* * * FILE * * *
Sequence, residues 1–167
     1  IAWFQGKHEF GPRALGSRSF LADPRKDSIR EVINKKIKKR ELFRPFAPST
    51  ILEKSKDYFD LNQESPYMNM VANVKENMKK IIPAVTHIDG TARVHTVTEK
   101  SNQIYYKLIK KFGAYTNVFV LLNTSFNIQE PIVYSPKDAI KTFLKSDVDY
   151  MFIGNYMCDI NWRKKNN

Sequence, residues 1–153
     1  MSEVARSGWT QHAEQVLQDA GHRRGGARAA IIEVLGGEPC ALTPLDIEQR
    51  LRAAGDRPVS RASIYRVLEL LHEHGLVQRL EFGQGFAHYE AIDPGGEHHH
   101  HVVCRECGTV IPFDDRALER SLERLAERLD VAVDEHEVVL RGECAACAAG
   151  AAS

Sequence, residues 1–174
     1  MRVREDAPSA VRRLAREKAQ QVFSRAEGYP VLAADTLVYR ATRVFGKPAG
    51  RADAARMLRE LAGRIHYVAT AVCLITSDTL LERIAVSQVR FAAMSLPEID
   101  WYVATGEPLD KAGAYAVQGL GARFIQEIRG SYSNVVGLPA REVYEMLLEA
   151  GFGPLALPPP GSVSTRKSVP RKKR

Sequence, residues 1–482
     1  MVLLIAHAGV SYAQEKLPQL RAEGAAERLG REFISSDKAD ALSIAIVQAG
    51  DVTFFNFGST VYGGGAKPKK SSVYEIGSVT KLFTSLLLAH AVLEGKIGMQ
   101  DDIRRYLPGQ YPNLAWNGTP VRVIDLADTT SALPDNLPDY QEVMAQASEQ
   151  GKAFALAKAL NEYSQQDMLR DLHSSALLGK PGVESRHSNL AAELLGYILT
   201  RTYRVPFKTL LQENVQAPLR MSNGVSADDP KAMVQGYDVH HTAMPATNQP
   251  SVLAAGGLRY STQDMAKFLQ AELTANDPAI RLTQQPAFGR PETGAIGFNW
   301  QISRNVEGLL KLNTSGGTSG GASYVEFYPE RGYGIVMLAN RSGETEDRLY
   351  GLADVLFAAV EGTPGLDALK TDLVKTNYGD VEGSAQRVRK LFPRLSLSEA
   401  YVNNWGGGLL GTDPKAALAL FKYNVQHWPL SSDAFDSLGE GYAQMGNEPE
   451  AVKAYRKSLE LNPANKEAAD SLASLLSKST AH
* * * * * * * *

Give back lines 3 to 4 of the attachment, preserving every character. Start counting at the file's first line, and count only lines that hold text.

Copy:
    51  ILEKSKDYFD LNQESPYMNM VANVKENMKK IIPAVTHIDG TARVHTVTEK
   101  SNQIYYKLIK KFGAYTNVFV LLNTSFNIQE PIVYSPKDAI KTFLKSDVDY